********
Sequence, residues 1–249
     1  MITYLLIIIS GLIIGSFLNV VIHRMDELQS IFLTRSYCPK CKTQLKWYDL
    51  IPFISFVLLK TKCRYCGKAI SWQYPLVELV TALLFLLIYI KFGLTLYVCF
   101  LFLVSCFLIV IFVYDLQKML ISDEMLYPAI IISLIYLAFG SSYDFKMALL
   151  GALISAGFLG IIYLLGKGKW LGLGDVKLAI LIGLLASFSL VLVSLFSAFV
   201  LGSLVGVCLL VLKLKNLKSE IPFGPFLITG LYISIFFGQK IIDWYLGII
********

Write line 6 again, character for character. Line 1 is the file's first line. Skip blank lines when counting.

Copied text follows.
   201  LGSLVGVCLL VLKLKNLKSE IPFGPFLITG LYISIFFGQK IIDWYLGII